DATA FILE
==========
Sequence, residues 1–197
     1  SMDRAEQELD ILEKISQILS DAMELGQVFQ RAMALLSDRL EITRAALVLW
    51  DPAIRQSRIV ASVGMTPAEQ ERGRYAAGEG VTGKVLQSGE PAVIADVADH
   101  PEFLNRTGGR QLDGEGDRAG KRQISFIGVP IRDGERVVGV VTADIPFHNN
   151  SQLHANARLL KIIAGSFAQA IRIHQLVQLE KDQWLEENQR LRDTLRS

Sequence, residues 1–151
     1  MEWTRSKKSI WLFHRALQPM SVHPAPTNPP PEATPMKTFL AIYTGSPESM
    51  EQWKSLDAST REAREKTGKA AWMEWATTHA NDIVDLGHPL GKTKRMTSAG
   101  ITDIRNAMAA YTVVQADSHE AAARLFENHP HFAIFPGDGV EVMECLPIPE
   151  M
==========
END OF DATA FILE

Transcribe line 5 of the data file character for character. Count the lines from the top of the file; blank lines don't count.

   151  SQLHANARLL KIIAGSFAQA IRIHQLVQLE KDQWLEENQR LRDTLRS